The HUPP CORP. began as a car maker and then was revitalized as an appliance and heating-system manufacturer. In 1908 the Hupmobile Corp. began producing the Hupmobile car in Detroit and came to Cleveland in 1928 to manufacture a low-priced version of its automobile. Hupp turned out 6,000 auto bodies and a variety of other parts monthly and assembled the cars at 17325 Euclid Ave., former home of the defunct CHANDLER-CLEVELAND MOTORS CORP. During the Depression only Hupp bodies were made here and when the Detroit company failed to recover by 1940, automobile production was discontinued. Hupmobile, called Hupp Corp. after 1946, moved its headquarters to Cleveland, where it produced freezers, air-conditioning units, and soft-drink dispensers at its 1250 E. 76th St. plant, acquired in 1944.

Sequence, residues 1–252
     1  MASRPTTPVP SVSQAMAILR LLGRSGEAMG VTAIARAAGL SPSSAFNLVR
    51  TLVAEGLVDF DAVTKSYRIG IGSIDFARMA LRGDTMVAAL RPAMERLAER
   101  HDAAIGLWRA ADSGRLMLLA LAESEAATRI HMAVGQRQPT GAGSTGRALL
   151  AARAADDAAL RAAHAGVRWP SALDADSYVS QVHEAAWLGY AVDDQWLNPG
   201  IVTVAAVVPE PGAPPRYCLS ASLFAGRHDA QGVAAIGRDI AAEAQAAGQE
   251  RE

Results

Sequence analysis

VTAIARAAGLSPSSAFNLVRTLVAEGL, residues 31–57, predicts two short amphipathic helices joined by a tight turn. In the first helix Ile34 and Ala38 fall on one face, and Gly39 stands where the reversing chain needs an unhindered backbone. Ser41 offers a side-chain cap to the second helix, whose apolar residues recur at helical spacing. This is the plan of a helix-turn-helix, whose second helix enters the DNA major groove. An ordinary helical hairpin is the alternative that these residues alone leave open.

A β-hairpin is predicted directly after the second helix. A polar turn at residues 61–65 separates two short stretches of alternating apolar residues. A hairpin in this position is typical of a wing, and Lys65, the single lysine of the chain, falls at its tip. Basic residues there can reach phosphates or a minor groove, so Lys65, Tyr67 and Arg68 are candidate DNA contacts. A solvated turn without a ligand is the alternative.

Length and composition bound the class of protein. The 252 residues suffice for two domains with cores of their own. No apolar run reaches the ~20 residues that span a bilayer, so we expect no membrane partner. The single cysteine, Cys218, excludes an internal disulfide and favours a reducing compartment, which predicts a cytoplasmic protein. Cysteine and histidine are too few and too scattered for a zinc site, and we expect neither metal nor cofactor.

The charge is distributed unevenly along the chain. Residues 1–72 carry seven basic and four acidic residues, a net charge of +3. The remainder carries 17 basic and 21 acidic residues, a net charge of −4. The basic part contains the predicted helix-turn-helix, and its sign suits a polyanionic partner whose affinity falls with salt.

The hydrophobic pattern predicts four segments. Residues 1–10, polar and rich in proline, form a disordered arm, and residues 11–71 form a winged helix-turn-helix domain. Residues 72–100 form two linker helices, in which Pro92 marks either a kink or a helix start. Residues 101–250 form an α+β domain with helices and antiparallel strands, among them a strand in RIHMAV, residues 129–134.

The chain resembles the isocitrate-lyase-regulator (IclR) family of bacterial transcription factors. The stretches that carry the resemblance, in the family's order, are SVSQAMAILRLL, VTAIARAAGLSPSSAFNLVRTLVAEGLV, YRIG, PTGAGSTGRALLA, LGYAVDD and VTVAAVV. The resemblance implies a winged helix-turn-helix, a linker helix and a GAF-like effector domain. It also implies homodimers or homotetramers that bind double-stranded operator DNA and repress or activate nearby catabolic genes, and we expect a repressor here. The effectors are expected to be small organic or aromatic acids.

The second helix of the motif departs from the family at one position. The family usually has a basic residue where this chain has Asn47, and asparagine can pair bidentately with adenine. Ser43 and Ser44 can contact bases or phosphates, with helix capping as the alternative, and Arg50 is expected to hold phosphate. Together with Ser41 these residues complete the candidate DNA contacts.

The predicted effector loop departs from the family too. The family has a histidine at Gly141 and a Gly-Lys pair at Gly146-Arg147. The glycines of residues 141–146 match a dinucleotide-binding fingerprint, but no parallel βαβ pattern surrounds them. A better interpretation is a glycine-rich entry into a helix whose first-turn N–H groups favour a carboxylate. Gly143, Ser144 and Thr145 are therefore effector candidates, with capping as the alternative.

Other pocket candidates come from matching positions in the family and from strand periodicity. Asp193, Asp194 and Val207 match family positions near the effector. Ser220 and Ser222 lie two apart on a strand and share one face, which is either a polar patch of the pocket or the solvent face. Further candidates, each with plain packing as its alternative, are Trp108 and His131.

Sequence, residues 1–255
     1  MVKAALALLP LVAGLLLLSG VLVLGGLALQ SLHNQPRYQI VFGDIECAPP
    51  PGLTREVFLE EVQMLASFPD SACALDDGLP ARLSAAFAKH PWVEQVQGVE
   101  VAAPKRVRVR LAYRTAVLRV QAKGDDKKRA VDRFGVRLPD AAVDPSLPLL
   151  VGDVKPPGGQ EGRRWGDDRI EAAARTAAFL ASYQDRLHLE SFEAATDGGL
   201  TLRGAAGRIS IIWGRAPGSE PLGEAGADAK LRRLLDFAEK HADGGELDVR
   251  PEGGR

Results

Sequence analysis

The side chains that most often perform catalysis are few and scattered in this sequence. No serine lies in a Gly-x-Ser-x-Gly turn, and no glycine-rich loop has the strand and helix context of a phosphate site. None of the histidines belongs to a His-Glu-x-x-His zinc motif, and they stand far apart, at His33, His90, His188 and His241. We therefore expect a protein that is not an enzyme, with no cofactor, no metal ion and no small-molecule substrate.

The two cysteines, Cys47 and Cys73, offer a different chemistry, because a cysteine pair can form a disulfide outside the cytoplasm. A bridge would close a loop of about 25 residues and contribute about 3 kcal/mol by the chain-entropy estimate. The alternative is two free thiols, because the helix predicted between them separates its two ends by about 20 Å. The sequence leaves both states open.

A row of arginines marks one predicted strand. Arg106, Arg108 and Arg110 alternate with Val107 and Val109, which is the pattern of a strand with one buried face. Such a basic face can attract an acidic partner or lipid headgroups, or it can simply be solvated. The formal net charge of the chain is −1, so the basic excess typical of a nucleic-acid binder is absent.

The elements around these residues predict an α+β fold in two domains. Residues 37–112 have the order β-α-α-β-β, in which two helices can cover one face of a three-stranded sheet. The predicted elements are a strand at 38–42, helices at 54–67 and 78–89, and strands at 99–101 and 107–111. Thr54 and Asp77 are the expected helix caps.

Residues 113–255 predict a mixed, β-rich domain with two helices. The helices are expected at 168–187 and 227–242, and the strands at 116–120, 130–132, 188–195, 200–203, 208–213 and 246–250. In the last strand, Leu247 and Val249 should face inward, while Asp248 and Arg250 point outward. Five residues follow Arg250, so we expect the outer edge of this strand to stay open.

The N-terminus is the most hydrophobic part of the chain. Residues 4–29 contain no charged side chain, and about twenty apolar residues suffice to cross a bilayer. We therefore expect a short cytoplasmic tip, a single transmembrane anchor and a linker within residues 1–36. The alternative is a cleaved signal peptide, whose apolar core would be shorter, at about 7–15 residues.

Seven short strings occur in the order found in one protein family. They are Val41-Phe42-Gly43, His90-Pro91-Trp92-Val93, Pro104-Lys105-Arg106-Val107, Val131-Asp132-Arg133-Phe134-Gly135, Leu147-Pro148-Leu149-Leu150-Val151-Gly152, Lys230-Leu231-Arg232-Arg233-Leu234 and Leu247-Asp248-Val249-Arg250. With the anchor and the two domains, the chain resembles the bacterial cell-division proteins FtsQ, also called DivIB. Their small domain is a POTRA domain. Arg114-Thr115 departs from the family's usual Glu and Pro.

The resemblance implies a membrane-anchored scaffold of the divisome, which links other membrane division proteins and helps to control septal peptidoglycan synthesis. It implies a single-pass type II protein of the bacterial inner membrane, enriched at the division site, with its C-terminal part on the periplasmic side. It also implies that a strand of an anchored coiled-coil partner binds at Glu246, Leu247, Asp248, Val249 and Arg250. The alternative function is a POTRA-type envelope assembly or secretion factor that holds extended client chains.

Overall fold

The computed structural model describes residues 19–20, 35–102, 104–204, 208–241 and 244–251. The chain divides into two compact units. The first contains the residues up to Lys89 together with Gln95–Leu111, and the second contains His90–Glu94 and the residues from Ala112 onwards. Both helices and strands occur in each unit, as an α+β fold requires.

After 1955, when the company was bought and managed by John O. Ekblom, Hupp diversified, taking over 7 companies within a year and increasing its workforce from 400 to 4,000. As a result of internal development and further acquisitions, Hupp's business was 45% air-conditioning and heating systems, 35% appliances, and 20% aviation and auto parts and hydraulics by 1960. In 1967 Hupp became part of WHITE CONSOLIDATED INDUSTRIES and Hupp's Hercules Engine Works was sold to WHITE MOTOR CO. In 1986 White Consolidated sold Hupp to Blaw-Knox Corp. of Pittsburgh, which had also been part of White at one time. As a division of Blaw-Knox, the firm maintained its facilities at 1135 Ivanhoe Rd. where it employed 340 workers, making automotive climate control systems and light commercial air conditioning equipment. In 1990 Blaw-Knox sold Hupp to Sunderland Industrial Holdings Corp., a Washington financial holding company who reorganized it as Hupp Industries, Inc. Hupp Industries filed for bankruptcy under Chapter 11 in Nov. 1991, a move attributed to improper pricing of its products. At that time the company had assets of $27.3 million and liabilities of $28.9 million.